Even more interesting are the powers Deathloop offers in the form of trinkets and "slabs" looted off the bodies of Blackreef's inhabitants. Assassinating one of the eight targets gains me access to their special ability, and I can approach them in any order I want (at least during the intel-gathering phase of the game). As a result, Deathloop takes on a feeling similar to classic Mega Man, where I choose each target based on powers I think might be useful in hunting down the next one.
As with my weapons, there are more powers available than I can equip at one time, so I have to pick and choose based on my preferred approach to a given problem. I was immediately drawn to the "Shift" power which allows me to teleport short distances, bringing back fond memories of Dishonored's similar ability. Other players may prefer Karnesis, which gives you telekinetic powers over your enemies for easy disposal. Silenced weapons and a trusty Hackamajig rounded out my stealthy arsenal, allowing me to convert security cameras and turrets to target my enemies instead of me while I snuck right on by.
Image source: Gamesplanet
Throwing a final wrench into my plans is Julianna, who occasionally delays the investigation with an appetite for destruction. She carries a different slab each loop, giving me access to its powers if you can best her in battle (thanks for that Shift slab, Julianna). By default, the game runs in an online mode that allows other players to invade my game as Julianna, rather than the game's AI controlling her murder spree. As if this game weren't tense enough, the sense of dread I felt when another player interrupted my mission was palpable, despite the fact I knew I'd wake up again the next day. If you'd rather forego the PvP action, the game has both Friends Only and Offline modes to dial things back. Julianna's radio banter at the beginning of each mission added some lightheartedness to the game, regularly making me laugh—and fueling my curiosity about what got Colt into this awful position in the first place.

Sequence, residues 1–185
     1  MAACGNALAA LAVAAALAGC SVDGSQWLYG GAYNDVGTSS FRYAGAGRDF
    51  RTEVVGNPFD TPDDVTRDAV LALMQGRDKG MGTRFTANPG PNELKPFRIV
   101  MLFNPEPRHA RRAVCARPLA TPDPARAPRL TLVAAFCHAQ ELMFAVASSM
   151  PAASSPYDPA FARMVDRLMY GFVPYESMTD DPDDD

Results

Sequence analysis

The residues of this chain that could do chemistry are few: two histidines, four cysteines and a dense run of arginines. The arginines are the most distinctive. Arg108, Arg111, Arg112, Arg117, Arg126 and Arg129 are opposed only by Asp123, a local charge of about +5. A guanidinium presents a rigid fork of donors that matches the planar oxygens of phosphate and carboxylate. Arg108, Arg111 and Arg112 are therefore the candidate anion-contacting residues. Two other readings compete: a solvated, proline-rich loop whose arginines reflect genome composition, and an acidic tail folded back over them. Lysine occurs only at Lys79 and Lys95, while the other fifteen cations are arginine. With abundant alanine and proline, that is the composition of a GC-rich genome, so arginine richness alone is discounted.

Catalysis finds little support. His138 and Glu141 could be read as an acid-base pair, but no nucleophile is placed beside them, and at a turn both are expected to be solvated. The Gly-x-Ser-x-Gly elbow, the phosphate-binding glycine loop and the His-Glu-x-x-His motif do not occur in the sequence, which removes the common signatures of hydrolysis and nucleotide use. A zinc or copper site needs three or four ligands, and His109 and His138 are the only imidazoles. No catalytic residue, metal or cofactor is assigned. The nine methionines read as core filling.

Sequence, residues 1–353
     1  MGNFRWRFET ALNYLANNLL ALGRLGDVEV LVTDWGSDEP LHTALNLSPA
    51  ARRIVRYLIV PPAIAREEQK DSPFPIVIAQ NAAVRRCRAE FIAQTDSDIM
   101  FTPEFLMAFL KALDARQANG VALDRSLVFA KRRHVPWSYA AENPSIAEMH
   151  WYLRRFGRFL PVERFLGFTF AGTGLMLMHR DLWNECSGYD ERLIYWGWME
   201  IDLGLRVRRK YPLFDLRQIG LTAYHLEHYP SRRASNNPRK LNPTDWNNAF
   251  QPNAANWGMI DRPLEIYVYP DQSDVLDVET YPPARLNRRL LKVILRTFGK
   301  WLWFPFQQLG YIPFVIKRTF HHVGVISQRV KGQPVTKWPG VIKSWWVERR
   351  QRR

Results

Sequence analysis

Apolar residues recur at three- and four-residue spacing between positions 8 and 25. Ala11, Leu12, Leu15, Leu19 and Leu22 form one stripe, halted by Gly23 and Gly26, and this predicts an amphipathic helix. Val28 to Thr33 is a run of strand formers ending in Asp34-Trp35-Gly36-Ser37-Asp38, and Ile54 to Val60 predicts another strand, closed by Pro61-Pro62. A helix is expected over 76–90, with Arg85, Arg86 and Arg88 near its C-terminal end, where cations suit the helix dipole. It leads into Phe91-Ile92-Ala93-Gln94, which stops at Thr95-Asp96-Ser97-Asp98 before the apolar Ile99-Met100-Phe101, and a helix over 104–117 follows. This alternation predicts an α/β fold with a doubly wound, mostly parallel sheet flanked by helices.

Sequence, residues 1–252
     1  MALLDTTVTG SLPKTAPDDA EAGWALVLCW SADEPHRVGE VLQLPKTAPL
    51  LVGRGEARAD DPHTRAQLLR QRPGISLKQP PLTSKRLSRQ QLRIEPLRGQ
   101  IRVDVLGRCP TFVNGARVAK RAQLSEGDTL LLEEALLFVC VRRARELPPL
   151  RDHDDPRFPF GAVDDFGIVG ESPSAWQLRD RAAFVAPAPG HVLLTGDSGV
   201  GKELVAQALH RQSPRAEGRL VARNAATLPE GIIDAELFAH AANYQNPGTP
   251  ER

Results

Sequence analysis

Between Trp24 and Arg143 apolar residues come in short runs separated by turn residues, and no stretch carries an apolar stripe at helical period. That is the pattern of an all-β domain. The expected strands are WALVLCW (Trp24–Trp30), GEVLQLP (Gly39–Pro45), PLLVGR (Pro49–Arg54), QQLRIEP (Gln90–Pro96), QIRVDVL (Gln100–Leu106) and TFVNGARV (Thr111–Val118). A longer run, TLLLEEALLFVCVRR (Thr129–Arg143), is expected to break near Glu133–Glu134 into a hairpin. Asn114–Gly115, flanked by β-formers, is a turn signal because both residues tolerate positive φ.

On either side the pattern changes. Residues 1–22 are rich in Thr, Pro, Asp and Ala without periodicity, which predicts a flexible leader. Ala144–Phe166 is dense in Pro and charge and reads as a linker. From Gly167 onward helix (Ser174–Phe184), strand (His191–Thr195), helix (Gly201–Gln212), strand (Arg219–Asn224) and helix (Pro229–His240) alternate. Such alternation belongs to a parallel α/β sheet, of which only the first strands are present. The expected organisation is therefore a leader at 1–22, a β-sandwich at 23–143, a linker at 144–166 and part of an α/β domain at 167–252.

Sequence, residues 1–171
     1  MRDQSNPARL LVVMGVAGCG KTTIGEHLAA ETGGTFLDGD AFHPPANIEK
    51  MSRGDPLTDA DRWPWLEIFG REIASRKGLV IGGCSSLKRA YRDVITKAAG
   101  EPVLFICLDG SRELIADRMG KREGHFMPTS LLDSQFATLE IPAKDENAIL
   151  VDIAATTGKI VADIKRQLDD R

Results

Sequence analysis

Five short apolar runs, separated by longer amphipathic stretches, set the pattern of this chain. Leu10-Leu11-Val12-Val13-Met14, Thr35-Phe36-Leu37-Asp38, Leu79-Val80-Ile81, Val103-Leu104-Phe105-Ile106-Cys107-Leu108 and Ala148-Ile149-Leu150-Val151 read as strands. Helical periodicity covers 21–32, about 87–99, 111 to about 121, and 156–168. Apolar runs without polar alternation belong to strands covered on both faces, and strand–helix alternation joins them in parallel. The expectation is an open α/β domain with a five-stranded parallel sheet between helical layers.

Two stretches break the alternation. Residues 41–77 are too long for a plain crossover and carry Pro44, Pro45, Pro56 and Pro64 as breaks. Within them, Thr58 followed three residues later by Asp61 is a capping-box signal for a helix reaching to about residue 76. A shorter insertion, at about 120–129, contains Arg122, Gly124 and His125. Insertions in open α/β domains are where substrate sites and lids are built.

It's little additions like this that make Deathloop such an enjoyable ride. Right from the start, the innovative gameplay, detailed open world, and Memento-like notes scrawled about my hideout piqued my curiosity for the game's story and characters. Every clue I unearthed about its many mysteries put my right in the same mindset as Colt as he figured out his new reality. One I started to get familiar with Blackreef's locations and challenges, my confidence grew. I hit that beautiful flow state, knocking out objectives with ease like a montage in an 80s movie (with just enough whimsy to match). Nailing that perfect loop is harrowing, though, requiring picture-perfect precision every step of the way. So when I finally reach the end of the line, the sense of victory is unmatched. I'm already itching to start the loop from the beginning, if only to see what new ways I can take on the island of Blackreef. I've barely even scratched the surface.
It's rare to see a game this unique and complex, while still being approachable. Whether you're a longtime fan of Arkane's open-ended immersive sims or you've never played one before, Deathloop is well worth exploring.